Over 55,000 People Sign Petition to Repeal Australian State’s New Pandemic Bill

By Epoch Times Sydney Staff
Epoch Times Sydney Staff
Epoch Times Sydney Staff
November 4, 2021 Updated: November 4, 2021

A petition to repeal the Victorian government’s proposed Public Health and Wellbeing (Pandemic Management) Bill 2021 has garnered over 56,000 signatures as of Nov. 4.

The petition, which Rebel News launched, alleges that the New Section 8A of the Bill (pdf) will give Victorian Premier Daniel Andrews the same unlimited power as that provided to the Nazi dictatorship.

According to the Bill, the premier will have the power to declare a pandemic, extend the ban indefinitely, and exercise any emergency powers he deems “reasonably necessary,” including closing the domestic borders, introducing health restrictions, and allowing police to enter private premises without a warrant. Victorian residents will also face prison time or hefty fines of up to AU$90,000 (US$67,570) if deemed failing to follow government-mandated health orders and pose a risk to the health of others.

“Article 48 of the Weimar Constitution empowered one man to pass Emergency Decrees leading to the Nazi dictatorship,” the petition said.

“Under the decree issued on the basis of Article 48, Hitler was given authority to curtail constitutional rights including habeas corpus, free expression of opinion, freedom of the press, rights of assembly and the privacy of communications.

Supreme Court of Victoria building Melbourne Australia
Supreme Court of Victoria building in Melbourne, Australia, on April 18, 2012 (Wikimedia Commons)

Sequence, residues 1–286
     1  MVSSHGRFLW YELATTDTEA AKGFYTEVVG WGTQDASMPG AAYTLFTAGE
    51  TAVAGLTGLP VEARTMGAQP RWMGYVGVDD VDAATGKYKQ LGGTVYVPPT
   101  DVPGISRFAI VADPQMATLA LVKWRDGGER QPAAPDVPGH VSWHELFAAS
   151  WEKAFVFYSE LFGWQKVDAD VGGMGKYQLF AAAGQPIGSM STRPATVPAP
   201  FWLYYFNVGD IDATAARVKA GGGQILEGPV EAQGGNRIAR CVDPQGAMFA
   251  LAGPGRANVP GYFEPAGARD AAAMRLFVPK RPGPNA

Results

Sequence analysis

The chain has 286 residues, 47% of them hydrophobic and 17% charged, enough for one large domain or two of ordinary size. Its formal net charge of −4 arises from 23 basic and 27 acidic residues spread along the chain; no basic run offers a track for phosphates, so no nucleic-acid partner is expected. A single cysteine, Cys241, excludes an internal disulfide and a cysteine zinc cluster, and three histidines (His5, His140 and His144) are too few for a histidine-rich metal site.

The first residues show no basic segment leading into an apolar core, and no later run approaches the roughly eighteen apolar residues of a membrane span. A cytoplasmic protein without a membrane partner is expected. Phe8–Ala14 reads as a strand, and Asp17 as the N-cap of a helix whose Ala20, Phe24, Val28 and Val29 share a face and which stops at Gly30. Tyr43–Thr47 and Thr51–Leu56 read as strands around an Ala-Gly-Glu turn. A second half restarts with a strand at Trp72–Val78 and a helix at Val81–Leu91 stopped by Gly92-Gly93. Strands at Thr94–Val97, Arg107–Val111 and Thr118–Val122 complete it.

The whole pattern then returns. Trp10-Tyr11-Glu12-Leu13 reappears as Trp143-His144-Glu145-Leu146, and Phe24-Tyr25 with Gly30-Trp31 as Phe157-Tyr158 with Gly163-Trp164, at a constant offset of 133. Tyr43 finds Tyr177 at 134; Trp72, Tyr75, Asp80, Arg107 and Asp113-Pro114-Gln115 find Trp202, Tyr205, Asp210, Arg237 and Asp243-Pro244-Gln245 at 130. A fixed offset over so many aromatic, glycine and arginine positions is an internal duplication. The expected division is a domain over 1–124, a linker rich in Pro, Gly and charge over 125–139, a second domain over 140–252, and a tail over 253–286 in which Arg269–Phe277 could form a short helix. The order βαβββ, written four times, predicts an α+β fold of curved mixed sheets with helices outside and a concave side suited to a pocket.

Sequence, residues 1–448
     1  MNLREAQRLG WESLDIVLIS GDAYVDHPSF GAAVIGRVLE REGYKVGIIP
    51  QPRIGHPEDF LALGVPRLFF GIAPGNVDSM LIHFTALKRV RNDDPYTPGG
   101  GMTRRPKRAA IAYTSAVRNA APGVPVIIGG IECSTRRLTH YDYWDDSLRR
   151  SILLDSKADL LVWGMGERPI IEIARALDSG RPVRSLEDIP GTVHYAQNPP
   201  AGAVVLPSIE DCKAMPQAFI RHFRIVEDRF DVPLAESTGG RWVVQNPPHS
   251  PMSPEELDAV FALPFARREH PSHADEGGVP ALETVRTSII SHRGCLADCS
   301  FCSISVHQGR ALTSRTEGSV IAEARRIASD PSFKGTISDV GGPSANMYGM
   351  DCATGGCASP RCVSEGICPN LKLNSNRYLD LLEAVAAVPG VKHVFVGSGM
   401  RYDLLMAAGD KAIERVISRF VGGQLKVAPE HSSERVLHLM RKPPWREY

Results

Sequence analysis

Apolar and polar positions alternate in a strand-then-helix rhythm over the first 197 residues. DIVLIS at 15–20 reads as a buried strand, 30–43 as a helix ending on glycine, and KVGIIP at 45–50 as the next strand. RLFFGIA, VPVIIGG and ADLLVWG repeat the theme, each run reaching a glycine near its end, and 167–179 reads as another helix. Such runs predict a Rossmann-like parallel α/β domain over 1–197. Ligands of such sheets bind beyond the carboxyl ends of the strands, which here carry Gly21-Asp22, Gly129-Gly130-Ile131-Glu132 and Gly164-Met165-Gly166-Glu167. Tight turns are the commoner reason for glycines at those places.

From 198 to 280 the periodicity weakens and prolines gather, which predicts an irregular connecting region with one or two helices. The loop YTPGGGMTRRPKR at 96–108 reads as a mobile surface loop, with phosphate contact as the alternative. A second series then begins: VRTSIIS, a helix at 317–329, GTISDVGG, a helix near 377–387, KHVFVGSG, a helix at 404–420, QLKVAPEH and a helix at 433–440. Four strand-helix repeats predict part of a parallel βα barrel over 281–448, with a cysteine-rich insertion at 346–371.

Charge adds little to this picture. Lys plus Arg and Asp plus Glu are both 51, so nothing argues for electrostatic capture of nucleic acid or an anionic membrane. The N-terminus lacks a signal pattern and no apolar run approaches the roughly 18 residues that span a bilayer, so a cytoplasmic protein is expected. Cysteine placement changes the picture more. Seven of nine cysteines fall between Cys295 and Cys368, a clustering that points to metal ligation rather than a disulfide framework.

“For 80 years, we in the West have repeatedly declared ‘never again’—‘again’ has arrived, and this is the moment of truth.

“New Section 8A of Daniel Andrews’ Bill is our Article 48. It affords Andrews the same tyrannical powers that went unchecked in 1933.”

The petition comes five days after thousands of Victorians, led by independent state MP Catherine Cumming, marched through Melbourne on Oct. 30 to Parliament House to protest the proposed new laws.

“Everyone knows that the government is introducing new legislation to get more power. But who would trust the government with more power?” protest attendee and Liberal Democrats MP David Limbrick said, reported Rebel News.

“We must respect the rights of Victorians. If this Bill passes, they will have a permanent emergency in the hands of the premier. We cannot let this Bill pass.”

The Bill has already passed the state’s lower house on Oct. 28. Once passed in the upper house, which is expected to happen between Nov. 16 – 19, at that point, the only way to stop the Bill would be for the Governor of Victoria, Linda Dessau, to not give her consent to the new legislation.

The primary constitutional responsibilities of Governors of Australian states include calling elections, presiding over the Executive Council, giving Royal Assent to bills passed by upper and lower houses, dissolving the Legislative Assembly in exceptional circumstances, and appointing and dismissing Ministers.

Epoch Times Photo
Thousands of protesters took to the streets of Melbourne, Australia, to oppose the Victorian Government’s pandemic legislation on Oct. 30, 2021. (supplied)

The petition calls on the Victorian Governor to withhold her consent to the Bill and warn Premier Andrews of the consequences of his proposed course.

“Though it is unprecedented, we turn to the Governor now and ask that the Honourable Linda Dessau AC act according to Australia’s core principles of government and democracy,” the petition wrote.

The petition from Rebel News comes after the peak legal body, the Victorian Bar, has issued an open letter calling the new Bill as a “gross representation,” saying that the Bar was never provided with a draft Bill.

“The overriding concern is that the Bill confers on the Health Minister what is, in a practical sense, an effectively unlimited power to rule the state by decree, for an effectively indefinite period, and without effective judicial or parliamentary oversight,” the lawyers argued.

As of 5:00 p.m. on Nov.4, 56,693 people had signed the petition.